Juneau’s representative at this year’s statewide Miss Alaska USA pageant placed third overall and received the coveted Miss Congeniality award. Honour Miller-Austin sat down with KTOO’s Chloe Pleznac to discuss her experience and future in pageantry.
This interview has been edited for length and clarity.
Chloe Pleznac: I want to start with just asking you to tell us a little bit about your background. Were you raised in Juneau?
Honour Miller-Austin: Yes, I was born and raised in Juneau and haven’t left ever. I just go on little vacations here and there. But mostly a Juneau girl.
Chloe Pleznac: There can sometimes be a little bit of a mixed perception, I think, in media about what pageantry is. Is there something that you wish people understood better about it?
Honour Miller-Austin: Yeah. I think that it was also one of those things where I felt it was very surface level. And I was very nervous to be the “pageant girl”, but going there and experiencing that is way different than actually what you see on social media. Any sort of, like, stigma surrounding pageantry is very false. A lot of the women really do want to help and change the world and make differences in their community, and then kind of reach out to a bigger problem. So it’s really fun and interesting and a deeper meaning than just being a pageant girl.
Chloe Pleznac: What does the title of Miss Congeniality mean to you?
Honour Miller-Austin: I think that it really helped me realize that I was actually a really big positive energy towards the girls in the pageant. Really experiencing the event for the first time made me, I don’t know, I think it’s a good title for just like positivity all around. And I think that that’s what I try to aspire to be in real life as well as in other women’s lives, because it’s really important to encourage others to do their best and be who they are. And so for me to win that was really big.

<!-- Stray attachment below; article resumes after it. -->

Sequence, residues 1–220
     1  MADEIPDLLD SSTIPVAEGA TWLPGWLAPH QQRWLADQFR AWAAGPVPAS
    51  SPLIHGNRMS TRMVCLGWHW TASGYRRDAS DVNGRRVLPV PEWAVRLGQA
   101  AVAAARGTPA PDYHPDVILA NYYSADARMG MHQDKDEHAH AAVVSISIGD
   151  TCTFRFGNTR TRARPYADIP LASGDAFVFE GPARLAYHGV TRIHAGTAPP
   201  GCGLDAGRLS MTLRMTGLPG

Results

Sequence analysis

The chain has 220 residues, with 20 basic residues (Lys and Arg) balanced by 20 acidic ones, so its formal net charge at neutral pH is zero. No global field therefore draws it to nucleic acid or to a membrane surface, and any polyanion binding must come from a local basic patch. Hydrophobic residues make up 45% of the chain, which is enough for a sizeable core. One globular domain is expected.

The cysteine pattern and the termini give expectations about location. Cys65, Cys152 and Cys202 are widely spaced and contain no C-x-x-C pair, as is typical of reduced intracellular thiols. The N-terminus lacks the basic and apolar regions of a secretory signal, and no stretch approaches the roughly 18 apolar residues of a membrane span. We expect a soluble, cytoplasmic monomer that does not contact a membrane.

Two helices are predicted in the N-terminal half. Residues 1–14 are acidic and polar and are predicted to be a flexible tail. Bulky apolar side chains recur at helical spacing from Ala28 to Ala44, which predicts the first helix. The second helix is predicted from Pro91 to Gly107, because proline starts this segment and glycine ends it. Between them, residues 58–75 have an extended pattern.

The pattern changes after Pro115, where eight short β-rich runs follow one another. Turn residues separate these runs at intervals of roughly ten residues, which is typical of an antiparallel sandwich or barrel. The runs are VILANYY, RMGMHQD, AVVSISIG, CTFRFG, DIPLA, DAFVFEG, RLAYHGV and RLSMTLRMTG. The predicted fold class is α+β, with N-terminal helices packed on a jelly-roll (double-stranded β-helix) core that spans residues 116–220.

Chloe Pleznac: It’s my potentially outdated perception that most pageant contestants have some kind of special skill or, you know, a cause that they advocate for. Do you have a special skill or a cause that you showcased?
Honour Miller-Austin: Yeah, so we had a – I think it was called a platform. And my platform was “Better than yesterday.” It’s a mental health platform that surrounded, like, trying to bring light to making sure others are aware that we are trying to advocate for mental health, and how to get everyone better health care access, and able to make sure that they I suppose can be less ashamed of how they handle their mental health and how we get access to those resources and stuff like that. But I think that that was a lot of women’s platform this year is just bringing more awareness to mental health.
Chloe Pleznac: What kind of impact did this year’s experience have on you personally?
Honour Miller-Austin: I think that it impacted me in a way where I realized the confidence that I was suppressing for so long by like being insecure and like really underappreciated of myself and my own kind of, I don’t know, life, I suppose. Like, I just work and I’m very humble. And then I really exude this confidence after the pageant that I didn’t realize existed until now.
Chloe Pleznac: So definitely an empowering experience. Will you participate in future pageants?
Honour Miller-Austin: Yes, next year, we’re going to try again for Miss Alaska USA. And hopefully, we take home the title. But I mean, no pressure there! Just kind of really excited for the experience in itself. Again, it was just one of those things where I didn’t realize how fun it was until you get there and you’re around these women that are actually really trying to make a difference.
Correction: An earlier version of this story said Miller-Austin competed in the Miss Alaska pageant. It was the Miss Alaska USA pageant.